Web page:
READING ADVISORY: Rather righteous sounding stuff on the Ngaju Dayak livelihood repertoire and conservationists' limitied view of "alternative livelihood".
The parallels and connections drawn between the environmental history of Southeast Borneo and the contemporary livelihood repertoire of the Ngaju of Baun Bango show that the importance and prevalence of various sources of income and sustenance have continually shifted over time. These shifts occurred – and continue to occur – through people’s interactions with physical and temporal aspects of the environment and the decisions they make in the context of these interactions. The relative ease of physical access to both resources and markets leads people to choose less risky enterprises. Decisions on ‘harvesting’ particular resources from the forests and rivers depend on the seasons as well as on the actual means by which these resources can be reached and transported out to buyers. For example, at the time headhunting was prevalent, rattan was abundant in the forest and there was a demand for it, but it was not considered a worthwhile endeavor. Logging in the 21st century is difficult, physically demanding work but risk is reduced by the fact that the loggers find buyers for their timber before they cut the trees.
People also keep an eye on the demand for particular products, and the rise and fall of prices. They are aware of how local labor can be affected by changes on the global market. The Ngaju of Baun Bango factor these in when deciding to invest time, energy, and capital into a livelihood option at a particular season. As one informant pointed out, “If people continue to buy, we will continue to sell. It’s the same with our other sources of livelihood in the forest. No one buys damar or rubber anymore, so we have stopped gathering damar.”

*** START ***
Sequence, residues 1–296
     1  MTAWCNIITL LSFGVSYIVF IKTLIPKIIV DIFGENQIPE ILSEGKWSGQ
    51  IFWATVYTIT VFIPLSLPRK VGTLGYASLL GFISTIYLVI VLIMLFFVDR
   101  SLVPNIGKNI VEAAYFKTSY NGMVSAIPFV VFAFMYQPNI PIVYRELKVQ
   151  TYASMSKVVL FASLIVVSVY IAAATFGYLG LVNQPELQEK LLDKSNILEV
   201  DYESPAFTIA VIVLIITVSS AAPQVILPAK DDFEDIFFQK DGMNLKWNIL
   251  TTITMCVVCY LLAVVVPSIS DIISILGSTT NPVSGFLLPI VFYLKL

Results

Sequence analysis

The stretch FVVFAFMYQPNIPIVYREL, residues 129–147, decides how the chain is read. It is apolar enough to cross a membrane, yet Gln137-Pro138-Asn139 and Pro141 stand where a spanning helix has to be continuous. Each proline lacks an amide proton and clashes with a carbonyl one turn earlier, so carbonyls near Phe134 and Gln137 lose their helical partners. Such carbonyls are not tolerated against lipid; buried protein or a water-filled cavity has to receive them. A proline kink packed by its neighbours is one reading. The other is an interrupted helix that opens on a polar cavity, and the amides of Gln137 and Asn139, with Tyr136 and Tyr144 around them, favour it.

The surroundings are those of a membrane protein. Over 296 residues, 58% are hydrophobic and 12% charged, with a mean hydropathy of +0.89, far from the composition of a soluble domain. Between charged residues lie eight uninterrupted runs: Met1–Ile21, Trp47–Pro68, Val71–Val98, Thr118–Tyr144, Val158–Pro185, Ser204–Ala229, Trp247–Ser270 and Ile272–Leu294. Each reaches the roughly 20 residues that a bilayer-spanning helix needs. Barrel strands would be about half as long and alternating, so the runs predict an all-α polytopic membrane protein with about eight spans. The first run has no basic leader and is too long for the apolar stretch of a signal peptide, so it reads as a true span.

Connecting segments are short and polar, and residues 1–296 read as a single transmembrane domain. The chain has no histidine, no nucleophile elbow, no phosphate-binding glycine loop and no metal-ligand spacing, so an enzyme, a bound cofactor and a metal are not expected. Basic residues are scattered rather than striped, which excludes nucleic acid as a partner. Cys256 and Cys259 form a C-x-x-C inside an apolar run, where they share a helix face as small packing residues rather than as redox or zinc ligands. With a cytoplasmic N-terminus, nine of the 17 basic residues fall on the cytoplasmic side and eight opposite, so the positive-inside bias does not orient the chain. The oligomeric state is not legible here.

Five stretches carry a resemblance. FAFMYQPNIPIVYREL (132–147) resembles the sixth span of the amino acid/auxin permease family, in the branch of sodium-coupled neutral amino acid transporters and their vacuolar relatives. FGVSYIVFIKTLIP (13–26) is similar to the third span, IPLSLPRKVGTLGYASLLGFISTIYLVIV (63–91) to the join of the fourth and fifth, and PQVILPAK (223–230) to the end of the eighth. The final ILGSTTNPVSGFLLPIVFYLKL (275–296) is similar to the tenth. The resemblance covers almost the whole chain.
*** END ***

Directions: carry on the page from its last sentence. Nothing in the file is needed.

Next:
The fact that there is a wide array of choices available in the environment of the Ngaju of Baun Bango is a key aspect of the livelihood shifts over time. Knapen (2001: 387) argues that in Southeast Borneo people have been “most successful in making a living” in places where many possibilities are found close by, especially where there is more than one fertile ecological zone. For the residents of Baun Bango locally available resources such as the lakes, rivers, tributaries, land, and now trees embody as well as contain the affordances out of which they can build their lives. The ability to perceive and harness diverse affordances in the environment and so to diversify livelihood serve to reduce risk. Therefore, although the Ngaju of Baun Bango tend to be ambivalent about the supposed backwardness of their forms of work, their ways of interacting with the environment definitely carry advantages for them and so they maintain locally-generated rules – some of them traditionally-based – for determining access to resources.
While it appears that this has been taken into consideration in the choice of an alternative that has already proven to be locally viable, the embededness of rattan within a wide, interwoven range of options has been overlooked. Instead, it is being isolated in development plans as the alternative livelihood of the future. Conversely the “typical Dayak way” of working in several livelihood options at once is believed to be counter-productive. However, the point is, taking a deeper and longer view of the element of time shows us that the Ngaju of Baun Bango have always maintained alternative livelihoods. These options have sustained them, and continue to sustain them through economic, political, and ecological instability.